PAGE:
Clean up and organize the entryway with a beautiful modern shoe cabinet.
I’ve found a new stylish solution to shoe storage with a beautiful modern shoe cabinet. I’ve always hated walking in the door and leaving my shoes out in the open at the bottom of the stairs. It’s ugly and just messy. And with a toddler running around, looking to put everything in her mouth, it was just not practical. So I came up with a shoe storage solution that is elegant and simply transforms my entryway.
- Download the PLANS
- 2 – 3/4 in x 48 in. x 96 in. Plywood
- 1 – 2 in. x 2 in. x 3 ft. Lumber
- 3 – 1x2x8 Lumber
- 70 – #8 x 1-1/4 in Woodscrew for Pocket Holes
- 30 – #8 x 2in Woodscrew
- 2 – 1-1/2 in. Wood Veneer 50 ft. or 2 – 2in. Wood Veneer 50 ft.
- 1 – 3/4 in. Wood Veneer 25 ft.
- 2 – 2-1/2 in. Hinges
- 2 – 4 – Ball Tension Catch or Roller Catch (I used one at the top and bottom of each door as a way of baby proofing the doors. It works!)
- 2 – 1 in. Knobs (I opted for no knobs at this time)
- Wallpaper (Optional)
- 3/8 in or 1/2in quarter round trim
- 1/4 in square dowels optional or cut thing pieces of the plywood
- Arrow T50 1/4 in. Leg x 3/8 in. Crown Galvanized Steel Staples (1,250-Pack)
- Zinsser Universal Sanding Sealer (optional)
- Arrow Fastener Model #T50HS
- Miter Saw
- Circular Saw
- Kreg Rip-Cut
- Kreg Shelf Pin Jig
- Drill/Impact Driver
- Exacto Knife
- Tape Measure
- Kreg Pocket Hole Jig
- Speed Square
OK, Let’s Get Dirty!
Been a long since I’ve said that. Hahaha!
Step 1. Cut the boards to size as outlined in the cut list.
So for this build, I’m trying to reduce my trips to the hardware store for obvious reasons. So I have 1 full sheet of birch ply and half of another. I’m going to make it work using the birch for the body/frame of the shoe cabinet. I completed all the rip cuts with a circular saw and a Kreg Rip-Cut or straight line jig.
Step 2. Shape the side panels of the show cabinet.
Starting with the side panels I used a paint can to trace out the front corner curve. Then using a jigsaw cut the curve. I will shape up any rough spots later with a sander.
Step 3. Attach the sides to the back of the shoe cabinet.
Next, using pocket holes I attached the side panels to the back of the shoe cabinet. And remember the wallpaper from the bathroom renovation earlier this year? I told you I’d find a way to use it at some point. Hahaha. Well, I adhered it to the back of the shoe cabinet. This will give it a cute and whimsical feel when you open the door to the cabinet. And note, Yes I did a horrible job rolling it back up after taking it down from the bathroom. LOL But luckily this peel and stick wallpaper is forgiving to a certain degree and I’m going to stretch it out.
Step 4. Attach the top, middle and top shelves.
I only permanently secured one shelf in the shoe cabinet. This to make room for winter boots and work boots. But you want to make sure the shelves are nice and level and the cabinet is square at all times. A large clamp is very helpful in holding the boards in place while your screw them together.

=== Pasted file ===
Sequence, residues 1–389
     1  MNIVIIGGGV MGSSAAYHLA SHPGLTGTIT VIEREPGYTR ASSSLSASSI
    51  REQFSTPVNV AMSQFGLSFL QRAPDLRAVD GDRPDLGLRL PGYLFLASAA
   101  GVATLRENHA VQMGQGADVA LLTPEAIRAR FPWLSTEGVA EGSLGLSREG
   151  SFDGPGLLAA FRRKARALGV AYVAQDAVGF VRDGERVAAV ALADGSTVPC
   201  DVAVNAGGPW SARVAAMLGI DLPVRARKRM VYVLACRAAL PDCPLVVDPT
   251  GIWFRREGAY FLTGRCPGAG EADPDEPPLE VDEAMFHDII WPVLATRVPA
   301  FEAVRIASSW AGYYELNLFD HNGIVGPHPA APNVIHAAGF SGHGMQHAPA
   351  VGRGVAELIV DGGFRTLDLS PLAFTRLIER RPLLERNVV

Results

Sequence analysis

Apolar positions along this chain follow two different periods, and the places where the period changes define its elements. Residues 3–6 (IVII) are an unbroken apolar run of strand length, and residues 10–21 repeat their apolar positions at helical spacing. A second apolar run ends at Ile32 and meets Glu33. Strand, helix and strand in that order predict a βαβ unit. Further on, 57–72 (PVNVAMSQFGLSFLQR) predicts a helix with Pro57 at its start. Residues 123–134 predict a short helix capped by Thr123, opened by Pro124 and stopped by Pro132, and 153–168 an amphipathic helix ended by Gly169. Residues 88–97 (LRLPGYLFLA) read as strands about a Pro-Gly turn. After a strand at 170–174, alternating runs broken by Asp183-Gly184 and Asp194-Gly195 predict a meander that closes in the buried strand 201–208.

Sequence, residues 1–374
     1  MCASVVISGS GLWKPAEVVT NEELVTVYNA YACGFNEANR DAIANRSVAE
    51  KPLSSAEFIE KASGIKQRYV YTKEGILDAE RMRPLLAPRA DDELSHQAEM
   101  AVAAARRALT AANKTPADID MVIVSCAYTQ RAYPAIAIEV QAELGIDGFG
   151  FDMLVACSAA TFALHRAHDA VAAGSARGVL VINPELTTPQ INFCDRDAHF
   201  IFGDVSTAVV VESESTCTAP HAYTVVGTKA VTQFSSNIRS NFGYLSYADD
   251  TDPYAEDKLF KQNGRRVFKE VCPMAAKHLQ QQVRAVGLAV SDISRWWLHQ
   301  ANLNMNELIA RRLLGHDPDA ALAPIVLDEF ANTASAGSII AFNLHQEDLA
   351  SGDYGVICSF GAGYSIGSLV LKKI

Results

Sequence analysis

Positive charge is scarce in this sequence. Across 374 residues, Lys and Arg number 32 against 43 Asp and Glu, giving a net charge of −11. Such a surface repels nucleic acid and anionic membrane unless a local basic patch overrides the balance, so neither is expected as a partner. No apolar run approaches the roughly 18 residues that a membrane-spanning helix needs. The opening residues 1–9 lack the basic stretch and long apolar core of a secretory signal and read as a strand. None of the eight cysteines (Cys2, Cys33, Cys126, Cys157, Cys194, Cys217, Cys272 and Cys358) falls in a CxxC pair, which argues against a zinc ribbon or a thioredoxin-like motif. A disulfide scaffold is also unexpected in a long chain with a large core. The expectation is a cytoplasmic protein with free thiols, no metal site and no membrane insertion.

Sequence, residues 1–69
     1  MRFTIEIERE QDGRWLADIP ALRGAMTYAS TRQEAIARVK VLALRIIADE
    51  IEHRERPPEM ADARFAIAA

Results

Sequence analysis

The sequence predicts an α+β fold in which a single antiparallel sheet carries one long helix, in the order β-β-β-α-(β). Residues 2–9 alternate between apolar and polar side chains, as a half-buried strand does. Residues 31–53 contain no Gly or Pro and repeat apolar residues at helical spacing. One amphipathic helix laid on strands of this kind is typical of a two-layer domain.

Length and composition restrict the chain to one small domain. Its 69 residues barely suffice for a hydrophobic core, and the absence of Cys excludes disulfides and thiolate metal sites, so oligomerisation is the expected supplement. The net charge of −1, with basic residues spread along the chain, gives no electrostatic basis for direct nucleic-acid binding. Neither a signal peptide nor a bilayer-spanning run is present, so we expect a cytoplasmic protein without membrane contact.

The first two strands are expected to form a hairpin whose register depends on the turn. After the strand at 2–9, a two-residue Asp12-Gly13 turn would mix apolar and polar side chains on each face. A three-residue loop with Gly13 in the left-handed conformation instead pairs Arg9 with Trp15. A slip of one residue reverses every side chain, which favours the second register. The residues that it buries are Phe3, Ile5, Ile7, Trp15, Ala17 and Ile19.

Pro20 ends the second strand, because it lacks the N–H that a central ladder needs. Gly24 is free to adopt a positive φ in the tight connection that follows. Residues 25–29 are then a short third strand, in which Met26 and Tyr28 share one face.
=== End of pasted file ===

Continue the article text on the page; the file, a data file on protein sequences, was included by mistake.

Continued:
Step 5. Drill the shelf holes in the side panels of the shoe cabinet.
Shelf pins provide flexibility for different size shoes. And a Shelf Pin Hole Jig makes this process so simple.
Step 6. Cut and taper the 4 legs.
I then taped the legs using a method I learned from Jenn on Build-Basic.com. She has an excellent, easy to follow tutorial accompanied by a video that you can check out on how to taper the legs using a jigsaw.
Step 7. Assemble the base.
Once all the pieces are cut and the legs are tapered assemble the base using pocket holes and 2 in screws. Then place in the middle of the bottom of the shoe cabinet 1 1/2 in from either side and screw in place. I recommend drilling a starter hole before drilling in place.
Step 8. Assemble the door frames.
Using 1×2 boards cut the pieces for the frame of the door. Use a router to create a lip for the veneer weaving strips. about 1/4″wide and deep.
Step 9. Weave the veneer in place on the door frames.
So here is the interesting part. So I wanted the doors to create a statement. I wasn’t really feeling the cane webbing for this. So I thought I’d trying something outside of the box and use wood veneer edge banding to create a webbing for inside the frame of the door. And I am so glad I went ahead with this experiment.
Using the Arrow Fastener Model #T50HS I started long ways from top to bottom securing the veneer tightly from one end to the next. I will say in the beginning I looked at this and was like, ‘what am I doing?’ LOL But I kept on.
Weaving the veneer strips from side to side everything started to take shape. The veneer started to stiffen creating a tight webbing and it was looking pretty darn good. I then covered the routed edge and the area where I stapled with a thin 1/4 in. square dowel, holding it in place with wood glue.
The only thing I ran into was when I flipped the doors of the shoe cabinet back over you could see where the staples came through the thin board due to my routing down the thickness. To overset that I decided to trim the inside the door with 3/8″ quarter round trim molding. The trim made the doors look even better. I loved every part of it.
Click HERE for more details on creating this wooden woven door including how to make this door without a router.
Step 10. The finishing touches.
- Add the doors to the frame of the shoe cabinet.
- Apply the 3/4in veneer edge banding to the exposed plywood edges. including the shelf inserts
- Fill any nail holes, sand down, stain, or paint.
Originally I was planning on staining everything, especially since I used several different wood species. But after I sanded it down and applied the Zinsser Universal Sanding Sealer, I stopped and noticed how beautiful all the different natural tones look together. So, for now, the no stain, no paint.